A disarmingly named agenda item at the July City Council meeting threatens to change the appearance of the City and impose disparate enforcement on residents.
Prior to this year, the City had a 3 foot roadside clearance ordinance for vehicle access and visibility. Past Councils, and the ordinance language, clarified that vegetation blocking sight lines or impeding vehicle travel needed to be cut back 3 feet from the road. A vertical clearance of 13'6" above the road also was required.
While not strictly enforced, the ordinance and purpose were clear and followed common sense.
The July 14, 2011 item entitled
"AMEND MUNICIPAL CODE REQUIREMENT FOR EMERGENCY VEHICLE ACCESS" had a description of:
"Instruct the City Attorney to amend the Municipal Code to reflect that the thirteen feet six inches (13'6") vertical clearance is in effect from three feet off one road edge to three feet off the opposite road edge."
The 3 foot clearance is now required even if there are no sight line or vehicle impediments.
The Fire Chief presented a report stating that the current code was unclear as to how high the 3 foot required clearance on each side of the road is supposed to be, and that it should be the same 13'6" as over the road.
Upon questioning, the Chief responded that a mature tree in the 3 foot area does not have to be removed.
How a mature tree was less of a navigation or visibility impediment than a bush was not explained.
Whether fences and walls in the 3 foot area next to the street needed to be removed was not answered.
The purpose for the 3 foot clearance on roadsides was not clear. The ability to open cabinets on Fire Trucks was mentioned, and also for two Fire Trucks to pass each other on a road.
The Chief said that roadside vegetation pushes trucks toward the center of the street, without stating why. Is this because vegetation is in the travel lane, which isn't allowed anyway, or because Fire Truck drivers are not able to judge the close quarters?
Resident Norm Zezula commented that some roads are 30 feet wide or wider and the stated purpose of two trucks clearing was served without the 3 foot clearance.
Mr. Zezula also said that fences next to the roads are as much a safety hazard as vegetation.
Mayor Pro Tem Carroll said that we should enforce the existing ordinance before expanding the code.
Councilmember Francis said that the Chief inherited the new Fire Engine with a hydraulic ladder that takes extra space.
It has been suggested that the new Fire Engine is not suited for Heights roads and additional roadside clearance provisions are needed to use it in the City.
Councilmember Vipperman said it is important to get two Fire Trucks past each other at the same time.
He did not mention whether he thinks streets too narrow for this will need to be graded out and widened.
The Fire Chief mentioned Green View Rd as one needing the additional clearance.
The Council discussed if a street is wider than a certain amount, then it can be exempted from the 3' clearance. The Chief said, "I can go with 28 feet."
No mention or discussion occurred regarding what to do with roads that are too narrow for two Fire Trucks to pass, regardless of roadside clearance.
City documents show the Fire Engine is 10 feet wide. With zero clearance, a minimum 20 foot road width is necessary for two Fire Trucks to pass each other. Giving each 6" of clearance on each side would require a 22 foot wide road. A number of roads in the City are less than 20 feet wide.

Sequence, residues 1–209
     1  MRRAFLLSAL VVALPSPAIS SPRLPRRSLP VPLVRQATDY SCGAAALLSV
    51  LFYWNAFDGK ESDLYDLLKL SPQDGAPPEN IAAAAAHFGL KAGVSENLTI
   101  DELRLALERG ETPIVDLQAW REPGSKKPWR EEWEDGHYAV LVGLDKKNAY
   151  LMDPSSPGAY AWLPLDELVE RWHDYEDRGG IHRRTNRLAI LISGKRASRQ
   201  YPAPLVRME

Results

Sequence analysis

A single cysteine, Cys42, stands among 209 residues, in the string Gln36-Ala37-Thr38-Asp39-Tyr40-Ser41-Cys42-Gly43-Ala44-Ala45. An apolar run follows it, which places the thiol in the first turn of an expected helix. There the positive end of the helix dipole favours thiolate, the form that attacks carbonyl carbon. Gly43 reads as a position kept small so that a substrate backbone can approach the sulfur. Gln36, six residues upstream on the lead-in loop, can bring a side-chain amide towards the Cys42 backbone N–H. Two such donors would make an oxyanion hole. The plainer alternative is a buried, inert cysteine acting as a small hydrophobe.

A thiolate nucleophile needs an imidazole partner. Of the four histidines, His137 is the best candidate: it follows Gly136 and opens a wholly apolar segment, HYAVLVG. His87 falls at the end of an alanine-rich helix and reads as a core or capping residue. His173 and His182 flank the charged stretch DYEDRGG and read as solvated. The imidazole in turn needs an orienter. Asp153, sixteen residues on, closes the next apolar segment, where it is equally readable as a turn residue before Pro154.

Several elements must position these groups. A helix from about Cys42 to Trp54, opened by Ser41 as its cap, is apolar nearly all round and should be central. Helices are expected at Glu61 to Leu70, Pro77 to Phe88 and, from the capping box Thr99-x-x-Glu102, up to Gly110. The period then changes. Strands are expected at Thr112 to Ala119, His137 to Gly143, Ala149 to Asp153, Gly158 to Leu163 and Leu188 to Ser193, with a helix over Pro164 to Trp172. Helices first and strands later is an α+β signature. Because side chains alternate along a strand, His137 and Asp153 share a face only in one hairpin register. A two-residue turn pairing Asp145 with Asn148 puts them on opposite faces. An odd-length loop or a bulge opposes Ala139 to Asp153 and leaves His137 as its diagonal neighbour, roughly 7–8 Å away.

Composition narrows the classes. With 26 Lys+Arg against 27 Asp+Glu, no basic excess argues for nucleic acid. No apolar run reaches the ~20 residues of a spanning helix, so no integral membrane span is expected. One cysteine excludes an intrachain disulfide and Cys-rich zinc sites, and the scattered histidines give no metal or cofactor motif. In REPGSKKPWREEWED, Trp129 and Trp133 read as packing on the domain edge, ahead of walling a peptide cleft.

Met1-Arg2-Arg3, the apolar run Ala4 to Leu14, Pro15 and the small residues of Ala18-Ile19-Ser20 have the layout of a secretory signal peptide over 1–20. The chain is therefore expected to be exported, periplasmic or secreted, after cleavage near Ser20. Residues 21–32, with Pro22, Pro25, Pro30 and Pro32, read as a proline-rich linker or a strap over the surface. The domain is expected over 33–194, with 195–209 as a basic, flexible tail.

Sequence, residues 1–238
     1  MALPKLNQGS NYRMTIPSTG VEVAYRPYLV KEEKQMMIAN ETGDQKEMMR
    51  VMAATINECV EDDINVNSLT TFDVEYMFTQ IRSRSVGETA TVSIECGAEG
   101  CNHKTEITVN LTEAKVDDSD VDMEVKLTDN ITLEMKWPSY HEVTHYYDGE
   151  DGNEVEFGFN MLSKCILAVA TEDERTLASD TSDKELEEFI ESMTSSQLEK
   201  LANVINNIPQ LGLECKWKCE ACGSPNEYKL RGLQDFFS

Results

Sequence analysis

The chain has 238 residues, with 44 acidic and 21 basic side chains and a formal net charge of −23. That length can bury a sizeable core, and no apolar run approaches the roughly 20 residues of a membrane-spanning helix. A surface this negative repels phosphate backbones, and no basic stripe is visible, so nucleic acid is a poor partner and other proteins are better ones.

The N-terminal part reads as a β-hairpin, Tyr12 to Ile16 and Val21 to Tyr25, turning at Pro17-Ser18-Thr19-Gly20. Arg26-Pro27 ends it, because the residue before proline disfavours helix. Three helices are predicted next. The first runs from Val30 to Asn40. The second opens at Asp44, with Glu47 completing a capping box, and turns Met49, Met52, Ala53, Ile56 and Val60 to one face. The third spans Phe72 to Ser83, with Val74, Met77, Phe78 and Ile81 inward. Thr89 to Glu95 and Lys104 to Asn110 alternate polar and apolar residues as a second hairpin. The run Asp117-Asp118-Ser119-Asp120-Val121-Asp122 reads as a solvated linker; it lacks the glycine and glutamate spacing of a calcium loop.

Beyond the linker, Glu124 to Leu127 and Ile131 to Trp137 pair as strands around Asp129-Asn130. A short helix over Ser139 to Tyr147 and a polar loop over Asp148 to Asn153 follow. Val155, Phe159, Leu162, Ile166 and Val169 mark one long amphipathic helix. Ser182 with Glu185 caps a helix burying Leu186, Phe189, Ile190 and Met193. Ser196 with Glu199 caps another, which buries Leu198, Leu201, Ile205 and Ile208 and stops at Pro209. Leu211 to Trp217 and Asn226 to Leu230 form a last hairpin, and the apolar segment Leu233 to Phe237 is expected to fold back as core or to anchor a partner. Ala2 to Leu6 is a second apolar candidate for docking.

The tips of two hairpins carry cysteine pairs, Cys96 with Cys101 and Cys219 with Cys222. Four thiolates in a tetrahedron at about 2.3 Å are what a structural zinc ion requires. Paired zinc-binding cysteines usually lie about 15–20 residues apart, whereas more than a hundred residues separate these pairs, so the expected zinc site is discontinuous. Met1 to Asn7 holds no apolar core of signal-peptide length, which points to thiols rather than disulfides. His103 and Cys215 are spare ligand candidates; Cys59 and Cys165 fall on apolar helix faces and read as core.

Los Angeles County GIS shows Green View Rd, mentioned by the Fire Chief, has public portions around 20 feet wide and private portions 17 feet wide or less.
Citron Rd has portions 16 feet wide, and when trash trucks or school buses use the road, passenger cars have to back up or pull into a driveway to let them pass, as the road is not wide enough for both.
Portions of Dorothea are 19 feet wide or less. The public portion of Lamat has stretches of 18 feet width, the private can be less than 15 feet wide.
No matter how much roadside clearance is imposed on these roads and others, two Fire Trucks will not be able to pass each other.
Should they be exempted along with the 28' and wider roads?
There was no discussion of the purpose of roadside clearance on the many roads cut into hillsides which slope up from and down from the road. Fire Trucks cannot ride a shoulder, and would either slide down the hill or be flipped by the upside, especially at night when, after streets are stripped of vegetation, the terrain is not clearly visible.
|Fire Trucks can slide off road on downhill side||
Hillside Street Section
|Fire Trucks can be flipped by slope on uphill side|
Similarly, a Fire Fighter would have difficulty opening a cabinet door or retrieving a ladder when standing below the Fire Engine on a downhill side, or precariously balancing on the uphill side.
Some Councilmembers repeated that they wanted the Chief to be able to cite those he felt were violating clearance needs.
With those needs unclear, changing, and subjective, the door is wide open for arbitrary and selective enforcement.
Repeated public comment at Council Meetings has speculated that the ramped up Code Enforcement and Crackdown on residents is a means to raise more revenue for the City.
Residents are unable to appeal citations before a City body and must do so before a contract hearing officer, at closed door hearing, described at Council Meetings as a "Kangaroo Court".
The City Codes, and past practice, have Code Amendments approved in Public Hearings.
It is unclear if the City intends to proceed with the new Clearance Crackdown Code in that manner, or if its passage on July 14th as an administrative item will be the only airing before citations are written on unsuspecting residents.